1 February 2013

Guest Post - Merrie P. Wycoff, Author of Shadow of the Sun



What if our destinies are given to us in clues along the way? Mine was.  My mother kept a verdigris green bust of Queen Nefertiti upon our mantle.  I would trace her face and her elongated blue crown with my finger. Then when I was ten years-old our class took a field trip to a local Egyptian museum and I discovered a colossal statue of Pharaoh Akhenaten, who happened to be Nefertiti’s consort.  This odd shaped king of the 18th dynasty was written out of history, and deemed a ‘heretic’ for introducing a revolutionary form of peaceful worship during a dark reign of terror.  I vowed to write the truth. It wasn’t until 2005, after my first trip to Egypt,  that I began to write Shadow of the Sun.

In 2007, I returned to Egypt and had the opportunity to be led by tour guide, Egyptologist and Egyptian wisdom keeper Abd’El Hakim Awyan whose ‘living African Oral Tradition’ goes back for centuries.  Although I am finishing my Egyptology degree with the University of Manchester, Hakim’s teachings were very right brain. Hakim believed that one must experience the esoteric wisdom of Egypt in order to understand it.

Merit-Aten was the first-born daughter of Queen Nefertiti and Pharaoh Akhenaten, and I chose to write this first person story though her eyes. Although first person point-of-view isn’t typical for a historical novel, this isn’t a traditional story.  My intention was to introduce some of the true complex Egyptian concepts, and I felt it would be easier to understand them through the eyes of a child. This coming-of-age story begins with Merit-Aten’s birth at a birthing house in Denderah. The Egyptians didn’t believe in birth, or death, instead they related these concepts to the sun. The sun rises in the East, so easting is the idea for birth and because the sun sets in the west, then westing meant death. Ritual and a deep reverence for worship were essential to this ancient civilization.  Merit-Aten has paranormal abilities such as being able to speak to animals and see auras around everyone.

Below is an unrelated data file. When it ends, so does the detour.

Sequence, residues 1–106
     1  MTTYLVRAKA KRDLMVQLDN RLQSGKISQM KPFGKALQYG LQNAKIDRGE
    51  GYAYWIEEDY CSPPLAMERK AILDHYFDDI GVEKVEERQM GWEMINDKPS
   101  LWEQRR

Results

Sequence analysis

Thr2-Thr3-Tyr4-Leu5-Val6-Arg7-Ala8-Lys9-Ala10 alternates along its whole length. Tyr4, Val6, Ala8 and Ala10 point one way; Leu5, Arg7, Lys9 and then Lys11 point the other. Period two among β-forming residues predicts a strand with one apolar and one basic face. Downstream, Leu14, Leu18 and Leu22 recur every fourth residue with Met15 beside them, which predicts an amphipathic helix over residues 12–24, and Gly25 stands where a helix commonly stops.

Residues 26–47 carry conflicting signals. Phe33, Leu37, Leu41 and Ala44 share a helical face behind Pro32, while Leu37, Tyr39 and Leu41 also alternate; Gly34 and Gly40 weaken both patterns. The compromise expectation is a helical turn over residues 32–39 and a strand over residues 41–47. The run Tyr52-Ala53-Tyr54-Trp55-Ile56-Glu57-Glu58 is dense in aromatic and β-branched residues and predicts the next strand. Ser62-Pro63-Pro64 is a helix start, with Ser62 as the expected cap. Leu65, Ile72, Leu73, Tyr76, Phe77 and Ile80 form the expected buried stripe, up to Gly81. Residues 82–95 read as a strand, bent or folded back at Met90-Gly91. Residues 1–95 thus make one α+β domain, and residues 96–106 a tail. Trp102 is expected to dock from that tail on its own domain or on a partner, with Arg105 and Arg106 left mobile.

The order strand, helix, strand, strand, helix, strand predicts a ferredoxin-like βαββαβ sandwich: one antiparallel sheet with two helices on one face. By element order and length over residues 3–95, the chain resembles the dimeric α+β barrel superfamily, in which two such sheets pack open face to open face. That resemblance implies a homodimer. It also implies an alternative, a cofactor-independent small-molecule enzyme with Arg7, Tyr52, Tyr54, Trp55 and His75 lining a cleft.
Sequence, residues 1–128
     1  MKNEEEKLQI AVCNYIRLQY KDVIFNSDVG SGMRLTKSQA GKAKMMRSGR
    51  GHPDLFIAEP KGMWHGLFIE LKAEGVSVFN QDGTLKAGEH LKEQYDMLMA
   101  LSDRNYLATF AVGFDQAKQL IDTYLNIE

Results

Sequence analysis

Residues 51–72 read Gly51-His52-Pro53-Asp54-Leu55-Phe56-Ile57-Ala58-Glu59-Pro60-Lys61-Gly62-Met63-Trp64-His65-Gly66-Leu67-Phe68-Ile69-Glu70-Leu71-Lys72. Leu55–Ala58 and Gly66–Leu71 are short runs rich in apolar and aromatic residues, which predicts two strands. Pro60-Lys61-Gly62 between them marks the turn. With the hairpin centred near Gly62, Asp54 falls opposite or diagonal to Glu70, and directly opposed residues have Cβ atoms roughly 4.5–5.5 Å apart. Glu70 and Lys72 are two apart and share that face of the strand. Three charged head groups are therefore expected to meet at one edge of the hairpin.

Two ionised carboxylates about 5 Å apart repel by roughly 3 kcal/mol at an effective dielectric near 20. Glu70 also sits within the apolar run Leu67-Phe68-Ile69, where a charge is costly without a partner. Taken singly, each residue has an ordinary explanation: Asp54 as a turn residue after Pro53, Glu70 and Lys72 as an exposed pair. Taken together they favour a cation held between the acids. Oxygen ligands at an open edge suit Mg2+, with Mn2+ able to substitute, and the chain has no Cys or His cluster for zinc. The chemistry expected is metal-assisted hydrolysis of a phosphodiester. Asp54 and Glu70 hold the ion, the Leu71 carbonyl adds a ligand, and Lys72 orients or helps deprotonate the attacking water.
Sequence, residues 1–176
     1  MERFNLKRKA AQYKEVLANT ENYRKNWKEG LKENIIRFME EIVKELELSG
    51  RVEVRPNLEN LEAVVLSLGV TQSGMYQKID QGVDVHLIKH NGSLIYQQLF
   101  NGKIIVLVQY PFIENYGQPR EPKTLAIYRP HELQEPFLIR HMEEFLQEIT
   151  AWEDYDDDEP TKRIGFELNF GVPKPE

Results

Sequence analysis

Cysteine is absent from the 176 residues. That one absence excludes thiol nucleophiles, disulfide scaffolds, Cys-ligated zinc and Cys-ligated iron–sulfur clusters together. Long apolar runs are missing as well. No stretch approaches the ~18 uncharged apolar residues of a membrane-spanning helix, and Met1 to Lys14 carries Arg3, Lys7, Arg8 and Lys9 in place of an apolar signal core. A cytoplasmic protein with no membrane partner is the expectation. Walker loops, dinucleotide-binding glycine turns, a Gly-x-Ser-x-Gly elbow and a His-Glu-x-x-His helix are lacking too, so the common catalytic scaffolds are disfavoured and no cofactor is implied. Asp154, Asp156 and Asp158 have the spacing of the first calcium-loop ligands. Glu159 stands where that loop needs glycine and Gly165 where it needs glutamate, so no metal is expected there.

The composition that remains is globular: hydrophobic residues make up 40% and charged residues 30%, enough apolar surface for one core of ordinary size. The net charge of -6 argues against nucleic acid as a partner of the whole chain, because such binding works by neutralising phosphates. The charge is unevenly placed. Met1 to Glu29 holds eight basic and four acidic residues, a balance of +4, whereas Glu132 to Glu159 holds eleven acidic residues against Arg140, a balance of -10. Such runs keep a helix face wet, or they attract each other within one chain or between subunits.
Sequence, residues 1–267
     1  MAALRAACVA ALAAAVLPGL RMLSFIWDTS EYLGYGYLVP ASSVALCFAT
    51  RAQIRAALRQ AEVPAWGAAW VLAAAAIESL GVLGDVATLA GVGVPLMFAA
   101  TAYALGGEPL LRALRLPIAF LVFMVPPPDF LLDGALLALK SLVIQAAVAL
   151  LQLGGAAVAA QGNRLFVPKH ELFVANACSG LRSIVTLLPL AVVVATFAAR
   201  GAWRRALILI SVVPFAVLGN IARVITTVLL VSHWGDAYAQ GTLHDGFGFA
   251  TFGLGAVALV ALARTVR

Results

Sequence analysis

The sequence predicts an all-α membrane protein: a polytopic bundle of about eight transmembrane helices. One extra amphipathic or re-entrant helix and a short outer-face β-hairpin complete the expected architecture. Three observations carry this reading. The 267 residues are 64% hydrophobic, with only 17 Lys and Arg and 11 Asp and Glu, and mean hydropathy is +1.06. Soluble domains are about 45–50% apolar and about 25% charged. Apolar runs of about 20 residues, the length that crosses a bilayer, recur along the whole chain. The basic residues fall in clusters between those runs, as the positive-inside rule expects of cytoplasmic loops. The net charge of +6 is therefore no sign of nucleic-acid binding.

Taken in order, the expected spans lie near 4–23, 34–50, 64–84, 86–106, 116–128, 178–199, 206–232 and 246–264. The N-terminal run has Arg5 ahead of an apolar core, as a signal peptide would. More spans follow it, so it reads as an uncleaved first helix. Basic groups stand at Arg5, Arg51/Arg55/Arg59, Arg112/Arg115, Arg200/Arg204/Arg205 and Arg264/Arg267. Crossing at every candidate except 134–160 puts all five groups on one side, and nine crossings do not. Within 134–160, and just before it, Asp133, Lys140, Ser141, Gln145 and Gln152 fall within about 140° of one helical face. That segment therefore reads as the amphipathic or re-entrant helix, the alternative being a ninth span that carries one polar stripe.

If you have seen the pictures of the royal Amarna family with the elongated heads, Merit-Aten  was born with extraordinary intelligence. This meant she struggled to make friends her age as she journeyed with her classmates through the perilous path of an Egyptian Mystery School. The beautiful and pragmatic Nefertiti, the dreamy Akhenaten and the willful Merit-Aten clash about how this royal lineage will survive. Nefertiti believes a Royal Daughter’s duty is to bear children. Pharaoh Akhenaten wishes his daughter to remain chaste as a Temple initiate while Merit-Aten must chose her own path without tearing her family apart.

I made a general outline for the book, but the characters really tell their story of jealousy, lies, betrayal, murder and magic. It is a tale about how chaos must ensue in order to establish peace, and how one royal little girl must figure out how to find the power to save her family.  It took me seven years to write Shadow of the Sun and it is the first book of five in The Shadow Saga. I became so passionate about writing that I wrote at all times of the day and night. The hardest part was editing and tightening up scenes, and believe me, I left many great pieces out. I came from Hollywood and worked at a television show for eight years, so learning to edit is essential. Every word counts in a book. You don’t ever want to lose your reader.

Author, Speaker, Healer and Metahistorian-Merrie P. Wycoff is finishing her Egyptology degree through The University of Manchester, and has a Masters in Metaphysics, and a Ph.D. in Comparative Religion. Merrie P. Wycoff loves her biodynamic garden and Dressage on her horse farm. Her published works include: w Shadow of the Sun (Rosa Mystica Publishing, 2012, Born in Orgasmic Bliss: Turn your Contractions into Expansions (Rosa Mystica Publishing 2012, and Work like an Egyptian: Unlock your Inner Pharaoh (Rosa Mystica Publishing 2013)  Merrie P. Wycoff was a Lead Segment Producer for Entertainment Tonight and President of a Direct Response Company.

Visit Merrie’s website at http://www.merriepwycoff.com
Follow Merrie on Twitter @MerriePWycoff
Like Merrie’s Fan Page on Facebook http://Facebook.com/Merrie P Wycoff-Author 

Preview Shadow of the Sun on Amazon US and Amazon UK